I don't know what I was expecting from this exactly, but I was surprisingly intrigued by the modern-day (well, early 80s) plot from this book. The more I think about this book, the more I like it. There was a lot going on and yet it pulled together beautifully. I can see why it was nominated for awards.
Jannah
Fergus McCann is out digging for peat with his uncle Tally when they come across the body of a child. She (is it a she?) has a bracelet around her wrist, might have been alive during the time of Christ, and appears to have been murdered. Fergus is thrust into this mystery while his real life is a mass of conflict amongst his family as his brother Joe is in prison and participating in a hunger strike, people are trying to make him pick sides, and his family is divided on everything but silence to...more
Arlen
I really need a "4.5" or "4.8" for this book. It's lovely and often magical. But my feet remained on the ground enough to keep it from "5" star status. A really, really great job by Ms. Dowd of looking through the eyes of a young adult who's an innocent bystander to politicial violence, but also can't escape it, for now... Fergus is a very internally articulate and evocative main character to take us on the journey through his Bog Child summer. And he's down to earth enough to keep him accessibl...more
Dayna Smith
The story is set on the border of Northern Ireland and the south in 1981. While digging peat with his uncle, eighteen-year-old Fergus finds a body buried in the bog. He is fascinated when the body is discovered to be from the Iron Age. He must also deal with passing his exams to be a doctor and the turmoil in his family. His brother Joe is in prison for a terrorist bombing and is on a hunger strike. As his brother dies and his family falls apart, Fergus must deal with his own coming of age in a...more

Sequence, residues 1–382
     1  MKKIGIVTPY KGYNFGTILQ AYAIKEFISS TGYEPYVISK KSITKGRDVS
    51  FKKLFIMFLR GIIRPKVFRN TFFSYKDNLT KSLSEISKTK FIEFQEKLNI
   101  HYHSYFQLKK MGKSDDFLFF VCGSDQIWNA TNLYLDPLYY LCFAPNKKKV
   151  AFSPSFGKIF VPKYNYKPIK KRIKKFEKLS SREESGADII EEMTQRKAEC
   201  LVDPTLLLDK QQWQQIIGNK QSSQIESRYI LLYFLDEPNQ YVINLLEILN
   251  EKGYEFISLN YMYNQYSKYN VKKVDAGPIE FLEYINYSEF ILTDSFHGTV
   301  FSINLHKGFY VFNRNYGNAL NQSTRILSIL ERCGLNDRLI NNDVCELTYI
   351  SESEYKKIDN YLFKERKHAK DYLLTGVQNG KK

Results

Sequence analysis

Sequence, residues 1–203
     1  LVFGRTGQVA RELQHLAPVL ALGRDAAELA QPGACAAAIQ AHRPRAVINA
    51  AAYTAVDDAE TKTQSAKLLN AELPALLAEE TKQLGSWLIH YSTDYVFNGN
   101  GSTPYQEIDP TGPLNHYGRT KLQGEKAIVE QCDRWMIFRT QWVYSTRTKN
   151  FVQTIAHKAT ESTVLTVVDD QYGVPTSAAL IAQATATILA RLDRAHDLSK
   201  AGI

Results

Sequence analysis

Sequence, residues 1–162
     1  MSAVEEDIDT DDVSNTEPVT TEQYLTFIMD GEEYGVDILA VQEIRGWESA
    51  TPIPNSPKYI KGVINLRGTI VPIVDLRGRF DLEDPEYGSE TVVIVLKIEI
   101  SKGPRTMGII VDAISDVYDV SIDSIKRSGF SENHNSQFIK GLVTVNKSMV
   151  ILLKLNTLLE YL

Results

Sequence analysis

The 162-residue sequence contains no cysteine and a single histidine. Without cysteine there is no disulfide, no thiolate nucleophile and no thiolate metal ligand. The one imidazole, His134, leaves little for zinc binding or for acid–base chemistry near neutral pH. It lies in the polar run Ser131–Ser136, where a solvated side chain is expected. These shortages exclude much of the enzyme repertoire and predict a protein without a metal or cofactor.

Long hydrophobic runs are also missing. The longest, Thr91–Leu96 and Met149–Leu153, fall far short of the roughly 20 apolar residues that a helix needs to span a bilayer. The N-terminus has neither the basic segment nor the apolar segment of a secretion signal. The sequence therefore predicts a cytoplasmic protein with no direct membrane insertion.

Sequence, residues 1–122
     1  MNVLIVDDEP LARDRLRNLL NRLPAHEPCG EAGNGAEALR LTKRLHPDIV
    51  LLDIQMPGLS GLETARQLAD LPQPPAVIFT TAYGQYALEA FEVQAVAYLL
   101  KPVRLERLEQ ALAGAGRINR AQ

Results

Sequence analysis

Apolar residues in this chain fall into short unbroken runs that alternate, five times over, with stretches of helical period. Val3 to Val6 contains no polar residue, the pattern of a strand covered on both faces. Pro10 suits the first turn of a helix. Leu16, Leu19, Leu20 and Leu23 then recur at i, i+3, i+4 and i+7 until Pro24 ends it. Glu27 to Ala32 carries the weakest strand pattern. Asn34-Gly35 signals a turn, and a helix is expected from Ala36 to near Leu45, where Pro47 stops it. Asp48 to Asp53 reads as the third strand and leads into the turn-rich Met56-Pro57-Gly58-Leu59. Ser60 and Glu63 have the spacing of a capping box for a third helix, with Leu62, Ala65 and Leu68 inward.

Jamie
It was a great book, although you really need to understand the book otherwise, you will think that its abit boring...
Hila
Fergus McCann is and 18 year old growing up amidst political turmoil in Europe. Though he has generally steered clear of the Troubles, his family has been deeply affected, because his older brother Joe has been arrested for his involvement with bombings in Britain; and now Joe has joined the hunger strikers.

While on a break from school, studying for final exams -- and hoping to score high enough to be able to attend college to become a doctor, Fergus travels across the border with his uncle to...more
Shoshana
Oh, it was really sad. I mean, not that you don't know going in - the cover and the title and the flap and the setting and knowing that Siobhan Dowd is dead mean sadness will permeate. But it was still hard to read.

Good, too - there are pockets and threads of hope - and though it starts slow eventually she hooked me and it's all I read today until I finished - and it didn't actually make me cry but it weighs in my chest.

One twist is awful and one is good even though I saw it coming because I loo...more
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Siobhan Dowd was born to Irish parents and brought up in London. She spent much of her youth visiting the family cottage in Aglish, County Waterford and later the family home in Wicklow Town.
She attended a Catholic grammar school in south London and then gained a degree in Classics at Lady Margaret Hall, Oxford University. After a short stint in publishing, she joined the writer's organization PEN...more
More about Siobhan Dowd...
The London Eye Mystery A Swift Pure Cry Solace of the Road The Ransom of Dond This Prison Where I Live: The Penn Anthology of Imprisoned Writers

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“The studying, the books, exams, arguments, theories. The jokes and pints, laughter, kisses and songs. Life was like running, ninety percent sweat and toil, ten per cent joy.” 21 likes
“Death is not a reaper, like they say, nor even a friend. It is a dark, fierce water, an inundation.” 13 likes